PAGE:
Nick Heath, Royals: Heath posted a .427 on-base percentage and once he got on base, he made the most of the opportunities. The Royals prospect led the AFL in stolen bases (13) and runs scored (21), while batting .338 over 21 games.

Designated Hitters:

Peter Alonso, Mets No. 2 prospect (No. 58 on the Top 100): Alonso tied for the Minor League home run lead with 36 during the regular season and then tied for the AFL lead with six. In addition to his six homers, Alonso also hit seven doubles and often showed off his power with eye-popping exit velocities.

Video: EAST@WEST: Alonso lays out for impressive diving stop

Will Craig, Pirates No. 16 prospectCraig tied with Alonso and Davidson for the home run title, while also hitting .304 over 21 games.

Starting Pitchers

Nate Pearson, Blue Jays No. 4 prospect (No. 90 on the Top 100): Pearson racked up 23 strikeouts in 20 1/3 innings and although his ERA sat at 6.20, he did spin three scoreless outings. What's more, Pearson garnered plenty of attention during the Fall Stars Game when his fastball was clocked at 104 mph.

Video: EAST@WEST: Pearson flashes 101 mph+ with regularity

Erick Leal, Cubs: Leal nearly finished the AFL with a perfect 0.00 ERA, but gave up seven runs (six earned) in his final start. The right-hander began the AFL with a 19 1/3-inning scoreless streak and finished 2-1 with a 2.66 ERA over six starts.

Relief Pitchers:

Melvin Adon, Giants No. 19 prospect: Adon, a hard-throwing right-hander, was consistently missing bats out in Arizona. Adon notched 21 strikeouts in 12 1/3 innings and limited opponents to a .163 batting average against. He was particuarily tough on right-handers as they managed to hit just .091 against him.

Justin Lawrence, Rockies No. 16 prospect: Lawrence tied for the AFL lead with three saves and used a nasty fastball-slider combo to strike out 13 batters in 10 2/3 innings.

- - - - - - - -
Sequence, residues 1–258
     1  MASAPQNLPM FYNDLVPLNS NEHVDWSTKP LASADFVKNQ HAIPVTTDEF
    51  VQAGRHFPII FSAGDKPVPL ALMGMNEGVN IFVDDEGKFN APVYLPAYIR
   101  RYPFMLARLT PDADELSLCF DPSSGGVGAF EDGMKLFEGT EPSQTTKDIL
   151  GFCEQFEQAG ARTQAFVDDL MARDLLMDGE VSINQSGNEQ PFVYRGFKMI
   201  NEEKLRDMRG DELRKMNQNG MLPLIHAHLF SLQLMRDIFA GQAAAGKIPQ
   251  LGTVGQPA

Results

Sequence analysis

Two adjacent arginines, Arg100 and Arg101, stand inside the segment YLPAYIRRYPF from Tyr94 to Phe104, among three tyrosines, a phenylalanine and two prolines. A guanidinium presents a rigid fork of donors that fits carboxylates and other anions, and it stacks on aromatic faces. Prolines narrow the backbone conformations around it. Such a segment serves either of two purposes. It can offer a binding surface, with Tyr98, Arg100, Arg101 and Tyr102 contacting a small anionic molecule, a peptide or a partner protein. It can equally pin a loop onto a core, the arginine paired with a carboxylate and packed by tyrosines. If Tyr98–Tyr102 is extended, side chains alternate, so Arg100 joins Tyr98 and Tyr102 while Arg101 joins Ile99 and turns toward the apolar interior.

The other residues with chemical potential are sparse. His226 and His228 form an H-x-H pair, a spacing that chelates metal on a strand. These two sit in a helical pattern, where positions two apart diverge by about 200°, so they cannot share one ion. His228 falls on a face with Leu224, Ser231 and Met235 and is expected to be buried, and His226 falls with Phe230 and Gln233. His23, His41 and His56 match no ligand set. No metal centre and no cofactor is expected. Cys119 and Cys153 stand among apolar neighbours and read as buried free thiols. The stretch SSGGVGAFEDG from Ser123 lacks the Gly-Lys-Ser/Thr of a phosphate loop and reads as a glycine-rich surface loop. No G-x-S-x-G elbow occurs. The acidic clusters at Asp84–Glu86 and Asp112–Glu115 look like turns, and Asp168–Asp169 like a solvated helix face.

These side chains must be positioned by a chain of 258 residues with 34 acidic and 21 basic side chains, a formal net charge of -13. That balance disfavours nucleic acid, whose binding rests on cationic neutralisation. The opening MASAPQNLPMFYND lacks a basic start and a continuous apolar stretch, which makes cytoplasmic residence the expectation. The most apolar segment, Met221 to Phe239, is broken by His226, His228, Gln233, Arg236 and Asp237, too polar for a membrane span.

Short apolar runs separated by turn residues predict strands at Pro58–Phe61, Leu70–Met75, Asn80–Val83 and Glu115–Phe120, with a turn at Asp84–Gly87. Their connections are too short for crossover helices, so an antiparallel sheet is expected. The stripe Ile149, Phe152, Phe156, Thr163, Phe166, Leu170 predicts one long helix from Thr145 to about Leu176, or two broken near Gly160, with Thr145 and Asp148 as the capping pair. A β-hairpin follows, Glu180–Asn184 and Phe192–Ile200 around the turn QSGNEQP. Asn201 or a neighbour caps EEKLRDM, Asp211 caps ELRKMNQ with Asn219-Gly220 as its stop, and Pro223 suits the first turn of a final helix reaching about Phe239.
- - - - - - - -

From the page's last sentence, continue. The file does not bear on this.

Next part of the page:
William Boor is a reporter for MLB Pipeline. Follow him on Twitter at @wboor.

Inbox: What new faces will join Orioles?

Beat reporter Joe Trezza answers Baltimore fans' questions
MLB.com @JoeTrezz

Hello, Birdland! This is Joe Trezza, your new Orioles beat writer for MLB.com.

If you haven't heard, I'll be on the beat going forward in place of Brittany Ghiroli, who did a great job covering the team over the past nine seasons. Thank you for all who reached out and were so welcoming on social media this past week. I look forward to getting to know as many of you as possible in the months to come, whether it's online, at FanFest, at the ballpark, wherever.

Hello, Birdland! This is Joe Trezza, your new Orioles beat writer for MLB.com.

If you haven't heard, I'll be on the beat going forward in place of Brittany Ghiroli, who did a great job covering the team over the past nine seasons. Thank you for all who reached out and were so welcoming on social media this past week. I look forward to getting to know as many of you as possible in the months to come, whether it's online, at FanFest, at the ballpark, wherever.

You fans are the reason the O's, my job and this Inbox even exist, and your reputation precedes you as some of the best fans in baseball. My goal is to be a constant resource for you, and to keep Orioles.com as your premier place for all things bird-related. There will be lots of new faces in Baltimore this year, and I'm terribly excited to be one of them.

Submit a question to the Inbox

Now, on to this transition-themed Inbox, timed with next week's Winter Meetings in mind.

What's the buzz about the hiring of our new manager? Any names?
-- Chuck McElhose, @Rev17CS

Earlier this week, I outlined what we know so far about the Orioles' managerial search, which they're keeping as secret as possible. The O's are reportedly planning to interview at least six candidates, with varying levels of experience and a range of backgrounds.

Nats bench coach Chip Hale and Royals catching/quality control coach Pedro Grifol were expected to get first-round interviews this week, according to sources, while reports have also linked D-backs executive Mike Bell and Cubs bench coach Brandon Hyde to the opening. Given the search's early stages, there is an expectation around the club that the team's brass will likely land in Las Vegas on Sunday without a manager yet in place.